Over the objection of appellant, the trial court, under the provisions of section 2055 of the Code of Civil Procedure, permitted respondent to call and cross–examine the captain of appellant's tug. This section provides that in a civil action a “superintendent or managing agent of any corporation which is a party to the record,” may be called as an adverse witness.

As a remedial statute section 2055 should be liberally construed. Smellie v. Southern Pacific Co., supra; Lawless v. Calaway, 24 Cal.2d 81, 147 P.2d 604. This does not mean that every “sub–boss” or “shop–steward” (People v. Bucchierre, 57 Cal.App.2d 153, 134 P.2d 505), “foreman,” or “leader” may be cross–examined under the terms of the section. Some reasonable restriction should be placed upon the words “liberally construed.” “Chancellor Kent, in his Commentaries, lays down the rule * * * that the words ‘liberal construction,’ as so used, do not mean that the words shall be forced out of their natural meaning, but simply that the words should receive a fair and reasonable interpretation, so as to attain the object for which the instrument is designed and the purpose to which it is applied. Lawrence v. McCalmont, 43 U.S. [426, 449], 2 How. 426, 449, 11 L.Ed. 326, cited in Crist v. Burlingame, N.Y., 62 Barb. 351, 355.” 25 Words and Phrases, Perm. Ed., p. 119. The construction given to the words in the statute should be within the fair interpretation of the language used.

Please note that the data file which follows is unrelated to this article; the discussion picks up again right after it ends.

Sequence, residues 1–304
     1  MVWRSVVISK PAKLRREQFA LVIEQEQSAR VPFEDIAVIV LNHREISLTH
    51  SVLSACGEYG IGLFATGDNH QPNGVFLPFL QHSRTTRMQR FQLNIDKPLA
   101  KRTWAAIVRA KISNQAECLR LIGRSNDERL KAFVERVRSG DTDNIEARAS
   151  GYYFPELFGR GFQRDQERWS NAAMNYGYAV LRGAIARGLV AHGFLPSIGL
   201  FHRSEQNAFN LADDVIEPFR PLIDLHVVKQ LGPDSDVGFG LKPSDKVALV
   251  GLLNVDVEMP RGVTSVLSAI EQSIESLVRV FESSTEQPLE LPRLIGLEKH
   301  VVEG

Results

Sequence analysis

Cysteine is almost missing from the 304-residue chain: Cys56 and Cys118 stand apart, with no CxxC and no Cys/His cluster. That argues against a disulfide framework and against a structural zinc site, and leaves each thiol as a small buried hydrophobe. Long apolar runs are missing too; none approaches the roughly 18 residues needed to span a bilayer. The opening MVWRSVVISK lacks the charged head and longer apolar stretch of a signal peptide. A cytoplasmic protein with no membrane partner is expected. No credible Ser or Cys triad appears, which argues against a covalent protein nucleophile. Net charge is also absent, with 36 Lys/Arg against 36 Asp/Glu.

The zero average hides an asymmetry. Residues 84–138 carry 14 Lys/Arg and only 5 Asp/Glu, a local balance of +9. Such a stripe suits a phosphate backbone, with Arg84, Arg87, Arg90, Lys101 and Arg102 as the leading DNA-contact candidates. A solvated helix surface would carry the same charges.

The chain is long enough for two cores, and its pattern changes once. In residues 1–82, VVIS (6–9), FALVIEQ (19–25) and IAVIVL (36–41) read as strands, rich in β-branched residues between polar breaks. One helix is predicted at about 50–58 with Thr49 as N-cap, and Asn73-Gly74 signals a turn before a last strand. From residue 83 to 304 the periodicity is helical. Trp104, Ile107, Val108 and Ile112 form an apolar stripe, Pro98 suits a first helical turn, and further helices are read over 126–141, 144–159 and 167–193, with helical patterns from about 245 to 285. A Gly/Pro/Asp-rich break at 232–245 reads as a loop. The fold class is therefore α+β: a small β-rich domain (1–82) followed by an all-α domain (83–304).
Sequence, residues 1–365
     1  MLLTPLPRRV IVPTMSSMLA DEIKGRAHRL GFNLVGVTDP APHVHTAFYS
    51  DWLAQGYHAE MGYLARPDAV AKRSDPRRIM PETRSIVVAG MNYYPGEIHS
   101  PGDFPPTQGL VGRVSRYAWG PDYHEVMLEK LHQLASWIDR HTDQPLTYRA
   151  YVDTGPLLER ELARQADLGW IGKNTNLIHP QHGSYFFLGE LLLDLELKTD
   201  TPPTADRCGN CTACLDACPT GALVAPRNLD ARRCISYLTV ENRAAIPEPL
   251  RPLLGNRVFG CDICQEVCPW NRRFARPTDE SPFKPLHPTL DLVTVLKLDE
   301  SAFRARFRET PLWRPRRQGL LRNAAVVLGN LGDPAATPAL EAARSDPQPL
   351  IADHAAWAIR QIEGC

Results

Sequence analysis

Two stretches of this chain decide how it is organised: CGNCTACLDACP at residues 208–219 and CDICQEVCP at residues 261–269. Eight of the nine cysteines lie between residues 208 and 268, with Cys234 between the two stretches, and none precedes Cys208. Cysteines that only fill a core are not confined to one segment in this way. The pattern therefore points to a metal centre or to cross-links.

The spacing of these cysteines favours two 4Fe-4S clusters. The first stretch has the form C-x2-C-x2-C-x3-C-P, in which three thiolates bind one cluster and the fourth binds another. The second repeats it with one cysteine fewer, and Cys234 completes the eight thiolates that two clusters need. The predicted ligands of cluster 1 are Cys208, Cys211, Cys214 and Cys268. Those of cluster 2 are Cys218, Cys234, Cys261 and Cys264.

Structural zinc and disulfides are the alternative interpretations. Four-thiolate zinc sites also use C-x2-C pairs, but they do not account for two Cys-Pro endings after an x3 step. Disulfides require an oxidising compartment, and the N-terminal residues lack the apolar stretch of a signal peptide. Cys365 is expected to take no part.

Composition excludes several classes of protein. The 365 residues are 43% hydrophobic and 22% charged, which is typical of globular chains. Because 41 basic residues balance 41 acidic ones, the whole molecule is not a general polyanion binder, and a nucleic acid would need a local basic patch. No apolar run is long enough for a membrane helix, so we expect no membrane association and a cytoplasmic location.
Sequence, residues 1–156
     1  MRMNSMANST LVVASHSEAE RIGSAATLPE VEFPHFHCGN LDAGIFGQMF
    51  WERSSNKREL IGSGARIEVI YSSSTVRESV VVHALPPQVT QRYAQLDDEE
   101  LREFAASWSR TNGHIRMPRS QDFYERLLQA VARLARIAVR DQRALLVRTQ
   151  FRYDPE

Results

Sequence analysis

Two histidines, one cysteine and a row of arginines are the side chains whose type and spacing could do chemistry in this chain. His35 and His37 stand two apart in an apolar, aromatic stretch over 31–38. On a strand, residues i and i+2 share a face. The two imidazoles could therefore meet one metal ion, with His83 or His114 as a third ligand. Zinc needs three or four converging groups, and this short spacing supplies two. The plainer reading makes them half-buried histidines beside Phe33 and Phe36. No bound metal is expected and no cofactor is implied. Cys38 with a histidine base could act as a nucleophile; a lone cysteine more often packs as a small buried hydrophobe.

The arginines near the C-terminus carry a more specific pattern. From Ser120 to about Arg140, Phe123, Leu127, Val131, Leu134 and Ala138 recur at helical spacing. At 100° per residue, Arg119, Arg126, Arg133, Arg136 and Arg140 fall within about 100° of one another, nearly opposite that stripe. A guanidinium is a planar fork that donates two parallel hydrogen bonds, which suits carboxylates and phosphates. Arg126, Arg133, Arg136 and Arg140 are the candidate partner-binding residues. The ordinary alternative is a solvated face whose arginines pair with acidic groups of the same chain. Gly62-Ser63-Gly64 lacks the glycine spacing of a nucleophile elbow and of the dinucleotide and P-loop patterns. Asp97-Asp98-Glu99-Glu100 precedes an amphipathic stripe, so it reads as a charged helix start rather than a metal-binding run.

The object of interpretation should be to promote justice. In re Johnson's Estate, 98 Cal. 531, 33 P. 460, 21 L.R.A. 380. “Liberal construction does not require or authorize the frittering away of the written law.” In re Jessup, 81 Cal. 408, 423, 21 P. 976, 22 P. 742, 746, 1028, 6 L.R.A. 594. “The liberal construction of a statute does not include an amendment to or enlargement of its clear provisions by judicial decision.” Montgomery v. Board of Administration, etc., 34 Cal.App.2d 514, 521, 93 P.2d 1046, 1050, 94 P.2d 610. A liberal construction should not be so liberal as to result in injustice to either side. Los Angeles County v. Jones, 13 Cal.2d 554, 90 P.2d 802; Mulville v. City of San Diego, 183 Cal. 734, 192 P. 702.